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A Review Of 559 Sternal Wound Reconstructions At A Single Institution: Indications And Outcomes For Combining An Omental Flap With Bilateral Pectoralis Major Flaps In A Subset Of 17 Patients With Infections Extending Into The Deep Mediastinum
Kevin Kuonqui, B.A.1, David Janhofer, M.D.2, Jeffrey A. Ascherman, M.D.2
1Columbia University Vagelos College of Physicians and Surgeons, New York, NY USA. 2Division of Plastic Surgery, Department of Surgery, Columbia University Irving Medical Center, New York, NY USA.

Background: Sternal wound infection (SWI) and dehiscence following median sternotomy for cardiac surgery remain challenging clinical problems with high morbidity. Bilateral pectoralis major myocutaneous (PMM) flaps are excellent for most sternal wounds but do not reach deeper mediastinal recesses. The omental flap may be a useful adjunct for addressing these deeper mediastinal infections.
Methods: Records of 593 sternal wound reconstructions performed by a single surgeon (JAA) from 1996-2022 at a high-volume cardiac surgery center were reviewed. Common surgical indications were SWI and dehiscence. At the time of surgery, patients underwent sternal hardware removal, debridement, and closure with bilateral PMM flaps. Pedicled omental flaps were used as well when vascularized tissue was also required within the deeper mediastinum. Patients undergoing closure with both PMM and omental flaps were selected for analysis.
Results: Complete data were available for 559 sternal wound reconstructive procedures performed by the senior author during this period. Bilateral pectoralis and omental flaps were mobilized in 17/559 (3.04%) patients. Common initial cardiac surgery procedures included repair or replacement of diseased aortic roots (9/17; 52.94%), aortic valves (8/17; 47.06%), and mitral valves (6/17; 35.29). Mean age and BMI were 59.88 years and 29.37 kg/m2, respectively. Preoperative morbidity included culture-positive wound infection (12/17; 70.59%), dehiscence (15/17; 88.24%), wound drainage (11/17; 64.71%), sternal click/instability (6/17; 35.29%), and inability to close the chest following the original sternotomy due to hemodynamic instability (6/17; 35.29%). The mean ASA classification score was 3.56 0.51. Complications immediately preceding sternal surgery were common, with SIRS/sepsis in 10/17 (58.82%) patients, AKI in 9/17 (52.94%), and pneumonia in 4/17 (23.53%). Intraoperative deep mediastinal or bone cultures were positive in 8/17 (47.06%) patients, with Pseudomonas aeruginosa encountered most frequently (3/8; 37.5%). Post-operative complications included partial dehiscence (2/17; 11.76%), skin edge necrosis (1/17; 5.88%), seroma (1/17; 5.88%), abdominal hernia (1/17; 5.88%), and recurrent infection (3/17; 17.65%). Three patients (17.65%) died within 30 days of the sternal surgery.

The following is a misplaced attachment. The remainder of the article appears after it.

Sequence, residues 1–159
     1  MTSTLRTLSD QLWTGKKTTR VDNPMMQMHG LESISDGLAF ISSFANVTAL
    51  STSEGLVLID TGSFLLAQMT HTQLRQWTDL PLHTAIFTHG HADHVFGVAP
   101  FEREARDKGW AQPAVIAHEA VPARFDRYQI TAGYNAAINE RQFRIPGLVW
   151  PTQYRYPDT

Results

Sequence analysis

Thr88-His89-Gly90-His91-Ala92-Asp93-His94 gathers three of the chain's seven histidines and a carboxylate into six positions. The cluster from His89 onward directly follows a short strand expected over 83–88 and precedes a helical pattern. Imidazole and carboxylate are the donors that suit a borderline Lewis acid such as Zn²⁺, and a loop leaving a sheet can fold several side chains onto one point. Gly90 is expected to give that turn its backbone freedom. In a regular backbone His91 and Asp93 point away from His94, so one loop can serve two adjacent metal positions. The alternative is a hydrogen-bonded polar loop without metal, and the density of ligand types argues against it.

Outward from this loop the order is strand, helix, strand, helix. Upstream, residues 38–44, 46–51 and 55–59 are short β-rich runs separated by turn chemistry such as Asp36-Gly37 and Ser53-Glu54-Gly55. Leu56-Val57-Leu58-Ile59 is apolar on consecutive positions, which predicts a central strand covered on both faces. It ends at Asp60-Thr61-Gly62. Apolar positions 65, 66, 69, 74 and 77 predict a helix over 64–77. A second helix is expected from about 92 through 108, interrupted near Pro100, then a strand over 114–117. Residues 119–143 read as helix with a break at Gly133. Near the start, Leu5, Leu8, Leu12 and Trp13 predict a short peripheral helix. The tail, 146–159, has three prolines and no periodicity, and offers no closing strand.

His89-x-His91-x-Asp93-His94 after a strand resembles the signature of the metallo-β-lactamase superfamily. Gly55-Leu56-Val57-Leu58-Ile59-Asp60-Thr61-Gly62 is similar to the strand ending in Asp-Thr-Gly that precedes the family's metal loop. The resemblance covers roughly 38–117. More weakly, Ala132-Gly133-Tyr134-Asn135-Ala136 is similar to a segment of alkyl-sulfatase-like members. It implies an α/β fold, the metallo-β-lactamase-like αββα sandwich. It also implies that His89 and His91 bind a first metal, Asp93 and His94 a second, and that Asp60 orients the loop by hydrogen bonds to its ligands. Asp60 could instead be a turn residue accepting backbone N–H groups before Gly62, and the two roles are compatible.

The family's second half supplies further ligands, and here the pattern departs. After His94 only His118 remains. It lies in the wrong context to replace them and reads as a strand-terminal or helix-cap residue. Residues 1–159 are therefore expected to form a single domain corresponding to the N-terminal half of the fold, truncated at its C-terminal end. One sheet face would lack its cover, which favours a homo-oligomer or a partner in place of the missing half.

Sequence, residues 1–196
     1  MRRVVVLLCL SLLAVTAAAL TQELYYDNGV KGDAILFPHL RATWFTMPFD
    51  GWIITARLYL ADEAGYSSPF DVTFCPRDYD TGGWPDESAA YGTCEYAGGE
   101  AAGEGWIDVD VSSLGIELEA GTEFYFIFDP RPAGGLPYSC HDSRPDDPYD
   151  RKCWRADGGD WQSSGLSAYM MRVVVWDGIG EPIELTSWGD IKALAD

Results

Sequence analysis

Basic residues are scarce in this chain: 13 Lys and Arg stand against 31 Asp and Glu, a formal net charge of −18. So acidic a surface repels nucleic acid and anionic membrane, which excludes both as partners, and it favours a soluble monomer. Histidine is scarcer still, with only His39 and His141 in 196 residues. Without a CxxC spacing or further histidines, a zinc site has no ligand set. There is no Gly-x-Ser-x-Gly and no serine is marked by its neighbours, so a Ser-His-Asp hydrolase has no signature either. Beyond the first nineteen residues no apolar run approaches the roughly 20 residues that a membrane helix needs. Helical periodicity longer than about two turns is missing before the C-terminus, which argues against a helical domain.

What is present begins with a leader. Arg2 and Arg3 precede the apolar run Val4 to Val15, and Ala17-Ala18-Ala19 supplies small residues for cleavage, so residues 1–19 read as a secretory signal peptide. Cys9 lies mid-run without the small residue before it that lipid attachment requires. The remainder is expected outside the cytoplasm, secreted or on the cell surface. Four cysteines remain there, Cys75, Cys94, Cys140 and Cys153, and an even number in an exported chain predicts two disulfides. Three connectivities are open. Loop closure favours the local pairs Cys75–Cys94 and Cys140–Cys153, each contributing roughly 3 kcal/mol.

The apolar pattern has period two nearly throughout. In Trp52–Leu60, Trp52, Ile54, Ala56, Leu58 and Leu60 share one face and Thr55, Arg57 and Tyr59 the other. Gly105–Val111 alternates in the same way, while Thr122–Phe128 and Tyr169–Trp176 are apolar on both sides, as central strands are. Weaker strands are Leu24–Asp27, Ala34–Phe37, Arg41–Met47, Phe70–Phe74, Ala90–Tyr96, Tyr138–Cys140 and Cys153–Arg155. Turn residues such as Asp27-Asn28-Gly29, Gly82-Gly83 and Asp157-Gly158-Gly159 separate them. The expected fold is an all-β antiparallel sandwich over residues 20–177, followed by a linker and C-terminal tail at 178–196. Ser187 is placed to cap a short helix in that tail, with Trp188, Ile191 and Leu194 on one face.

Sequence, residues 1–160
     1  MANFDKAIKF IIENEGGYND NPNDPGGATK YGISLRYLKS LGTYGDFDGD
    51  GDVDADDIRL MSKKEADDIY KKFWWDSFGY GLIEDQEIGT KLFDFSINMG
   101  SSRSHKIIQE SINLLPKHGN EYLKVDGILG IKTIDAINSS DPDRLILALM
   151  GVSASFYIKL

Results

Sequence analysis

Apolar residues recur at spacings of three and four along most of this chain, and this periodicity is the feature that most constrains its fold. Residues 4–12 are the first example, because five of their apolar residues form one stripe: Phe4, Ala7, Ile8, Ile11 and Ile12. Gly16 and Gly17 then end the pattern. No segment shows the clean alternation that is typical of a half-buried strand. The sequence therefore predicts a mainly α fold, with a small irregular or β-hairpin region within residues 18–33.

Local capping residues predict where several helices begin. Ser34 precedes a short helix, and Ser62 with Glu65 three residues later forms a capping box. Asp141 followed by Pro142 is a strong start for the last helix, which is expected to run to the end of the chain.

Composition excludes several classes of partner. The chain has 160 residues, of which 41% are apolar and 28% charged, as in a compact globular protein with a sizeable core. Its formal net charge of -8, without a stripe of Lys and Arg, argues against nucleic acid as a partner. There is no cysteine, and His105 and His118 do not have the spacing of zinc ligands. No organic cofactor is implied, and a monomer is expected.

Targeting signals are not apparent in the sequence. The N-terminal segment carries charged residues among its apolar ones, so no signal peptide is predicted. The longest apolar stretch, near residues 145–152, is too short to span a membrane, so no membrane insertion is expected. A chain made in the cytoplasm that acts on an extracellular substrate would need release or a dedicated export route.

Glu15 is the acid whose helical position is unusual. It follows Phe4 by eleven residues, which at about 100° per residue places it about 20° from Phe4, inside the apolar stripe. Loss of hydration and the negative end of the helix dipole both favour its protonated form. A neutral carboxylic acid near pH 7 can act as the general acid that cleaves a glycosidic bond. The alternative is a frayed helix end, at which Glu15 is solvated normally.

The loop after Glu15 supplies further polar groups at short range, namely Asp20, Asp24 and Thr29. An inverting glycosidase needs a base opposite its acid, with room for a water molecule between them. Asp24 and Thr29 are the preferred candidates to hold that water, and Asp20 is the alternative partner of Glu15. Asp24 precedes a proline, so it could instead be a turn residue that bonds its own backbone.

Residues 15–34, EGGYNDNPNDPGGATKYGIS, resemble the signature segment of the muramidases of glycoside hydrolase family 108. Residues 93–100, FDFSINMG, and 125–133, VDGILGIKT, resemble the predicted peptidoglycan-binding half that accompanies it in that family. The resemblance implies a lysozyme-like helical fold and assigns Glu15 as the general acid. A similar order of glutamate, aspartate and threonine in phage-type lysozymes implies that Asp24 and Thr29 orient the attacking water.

Conclusions: Patients undergoing combined pectoralis major and omental flap closure frequently had a history of aortic root and valve disease, and other significant preoperative morbidities, as reflected in their elevated ASA class. However, post-operative complications after combined flap closure were relatively low. We thus found combined pectoralis major and omental flap reconstruction to be an effective intervention in patients with sternal wounds extending into the deep mediastinum.


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